Astronomers Announce 12 Previously Undiscovered Jupiter Moons


And one of them is quite the oddball.

Our solar system's oldest and biggest planet, Jupiter, has many moons. Of Jupiter's 79 moons, 26 remain unnamed, including nine of the 10 new ones. For greater detail, a spacecraft is needed.

Using the 4-meter Víctor Blanco Telescope in Chile, the team really hit the moon jackpot. They realized they could observe Jupiter at the same time.

The realm of the giant planets - between Jupiter, Saturn, Uranus and Neptune - is largely devoid of small objects.

A few years back in 2014, this same team found an object with the most-distant orbit in the solar system.

Because Jupiter is also a bright planet, astronomers have had to deal with the issue of glare and scattered light affecting the space where moons can exist. The newly discovered retrograde moons take about two years to orbit Jupiter. It's more distant than Jupiter's prograde moons - those that orbit in the same direction as Jupiter's spin - and its orbit is much more inclined, crossing the orbits of the outer retrograde moons. Near those nine is one moon that likes to move to the beat of its own and, like the two closer to Jupiter, has a rotation that mimics its host planet.

Sheppard said Valetudo's composition was likely "half ice and half rock", adding that the tiny satellite is the "last remnant of a once much larger moon that has been ground to dust from collisions" with other Jovian moons. Two of the newly discovered moons are in the inner circle of moons and orbit in prograde, or in the same direction as Jupiter's rotation.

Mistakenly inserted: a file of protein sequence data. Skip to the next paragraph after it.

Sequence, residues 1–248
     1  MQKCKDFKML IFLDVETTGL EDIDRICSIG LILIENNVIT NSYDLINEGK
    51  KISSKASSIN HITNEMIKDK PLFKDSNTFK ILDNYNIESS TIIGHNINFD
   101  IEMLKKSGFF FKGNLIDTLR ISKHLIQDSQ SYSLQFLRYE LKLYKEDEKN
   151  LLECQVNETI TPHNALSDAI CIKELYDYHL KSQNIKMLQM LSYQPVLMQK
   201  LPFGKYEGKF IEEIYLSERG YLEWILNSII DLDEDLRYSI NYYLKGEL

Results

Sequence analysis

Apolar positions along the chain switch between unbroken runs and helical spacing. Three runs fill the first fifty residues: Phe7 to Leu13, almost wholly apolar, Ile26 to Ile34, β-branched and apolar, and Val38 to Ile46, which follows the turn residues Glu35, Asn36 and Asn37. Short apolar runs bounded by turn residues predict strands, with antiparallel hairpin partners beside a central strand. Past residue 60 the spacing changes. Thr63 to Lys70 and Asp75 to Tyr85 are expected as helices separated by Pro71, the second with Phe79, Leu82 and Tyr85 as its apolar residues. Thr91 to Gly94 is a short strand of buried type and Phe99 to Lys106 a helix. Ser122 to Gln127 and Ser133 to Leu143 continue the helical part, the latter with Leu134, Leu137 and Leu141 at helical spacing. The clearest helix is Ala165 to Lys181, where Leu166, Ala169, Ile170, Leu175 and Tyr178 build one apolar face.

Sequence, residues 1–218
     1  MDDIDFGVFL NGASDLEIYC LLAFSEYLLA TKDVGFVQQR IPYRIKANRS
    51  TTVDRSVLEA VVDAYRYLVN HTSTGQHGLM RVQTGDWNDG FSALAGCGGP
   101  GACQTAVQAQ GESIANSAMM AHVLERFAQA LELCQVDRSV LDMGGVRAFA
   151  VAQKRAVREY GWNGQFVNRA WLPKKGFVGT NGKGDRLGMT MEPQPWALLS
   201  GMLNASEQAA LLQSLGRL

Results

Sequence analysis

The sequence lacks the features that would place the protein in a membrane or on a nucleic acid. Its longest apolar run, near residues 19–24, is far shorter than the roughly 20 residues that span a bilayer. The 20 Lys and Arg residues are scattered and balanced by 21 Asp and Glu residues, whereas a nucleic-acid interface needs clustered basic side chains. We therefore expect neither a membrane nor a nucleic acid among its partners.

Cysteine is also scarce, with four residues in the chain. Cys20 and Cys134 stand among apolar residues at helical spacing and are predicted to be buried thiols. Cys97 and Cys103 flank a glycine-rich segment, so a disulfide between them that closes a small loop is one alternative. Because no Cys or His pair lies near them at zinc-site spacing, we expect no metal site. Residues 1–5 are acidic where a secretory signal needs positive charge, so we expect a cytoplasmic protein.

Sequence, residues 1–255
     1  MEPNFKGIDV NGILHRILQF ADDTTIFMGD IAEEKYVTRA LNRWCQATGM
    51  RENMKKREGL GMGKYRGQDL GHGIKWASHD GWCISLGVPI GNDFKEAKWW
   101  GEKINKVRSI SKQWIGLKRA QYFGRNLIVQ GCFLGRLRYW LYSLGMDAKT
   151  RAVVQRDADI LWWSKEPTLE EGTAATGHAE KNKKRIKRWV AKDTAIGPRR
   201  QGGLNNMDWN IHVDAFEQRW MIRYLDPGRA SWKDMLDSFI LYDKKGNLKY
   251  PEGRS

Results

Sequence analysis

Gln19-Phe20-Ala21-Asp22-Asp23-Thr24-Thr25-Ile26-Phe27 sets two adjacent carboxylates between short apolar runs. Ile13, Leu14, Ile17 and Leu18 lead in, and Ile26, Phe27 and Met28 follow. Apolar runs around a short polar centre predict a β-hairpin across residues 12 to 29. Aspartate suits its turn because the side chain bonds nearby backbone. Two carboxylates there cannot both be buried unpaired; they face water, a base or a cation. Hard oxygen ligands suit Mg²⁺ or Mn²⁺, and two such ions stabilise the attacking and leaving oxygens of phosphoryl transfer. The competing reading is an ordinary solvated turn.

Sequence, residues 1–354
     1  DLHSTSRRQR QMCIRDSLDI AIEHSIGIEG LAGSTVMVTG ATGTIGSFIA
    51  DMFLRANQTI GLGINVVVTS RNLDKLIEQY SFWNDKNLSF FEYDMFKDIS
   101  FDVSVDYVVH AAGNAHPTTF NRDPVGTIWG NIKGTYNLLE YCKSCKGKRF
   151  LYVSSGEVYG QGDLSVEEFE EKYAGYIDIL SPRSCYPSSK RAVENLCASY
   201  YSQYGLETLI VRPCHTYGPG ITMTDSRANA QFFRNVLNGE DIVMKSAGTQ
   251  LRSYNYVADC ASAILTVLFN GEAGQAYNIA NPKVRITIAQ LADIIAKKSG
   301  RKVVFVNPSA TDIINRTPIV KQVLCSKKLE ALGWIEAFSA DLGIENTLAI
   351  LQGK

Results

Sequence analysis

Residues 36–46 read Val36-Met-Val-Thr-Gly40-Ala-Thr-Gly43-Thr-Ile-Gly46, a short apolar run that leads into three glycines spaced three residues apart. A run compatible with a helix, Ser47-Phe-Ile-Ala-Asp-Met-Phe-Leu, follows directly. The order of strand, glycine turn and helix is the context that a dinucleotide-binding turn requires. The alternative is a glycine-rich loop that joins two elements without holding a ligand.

The researchers believe the oddball may be a leftover fragment from a larger prograde moon that split apart from repeated collisions.

Astronomers are still finding moons at Jupiter, 400 years after Galileo used his spyglass to spot the first ones. One of the moons, Valetudo (between orange markers), can be seen in these images. Researchers have proposed naming the "oddball" Valetudo, after the Roman goddess of health and hygiene.

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Most moons, including Earth's, have prograde orbits.

"It's basically driving down the highway in the wrong direction", Sheppard said. This outlier is like no other moon orbiting Jupiter. This hypothetical large prograde moon may also have formed some retrograde moon groupings.

Sheppard and his team hope to further explore what could've caused these moons to form in order to get a better understanding of how the planet itself formed - and ultimately, more about how the rest of our galaxy came to be. The planet is so absolutely massive that it has dozens of moons orbiting around it, by far the most of any of our neighboring planets.

Jupiter has several different types of moons. They found 12, two of which were announced past year.

These building blocks of planets can provide a window into the early years of the solar system.

"We're looking for new possible planets and dwarf planets in our solar system, just seeing what is out there", Sheppard said. This "Planet 9" is also sometimes called Planet X. This tells us something about the timing of the formation of these moon families, which, in turn, tells us something new about the formation of the Solar System. "It probably has collided with them over time", Sheppard said.

So why is this confirmation so hard? "The only thing that we know at the moment are the orbits and the approximate size", Williams said.

They did not find Planet Nine. If Valetudo does smash into one of her neighbors, however, the impact will be large enough to detect on Earth.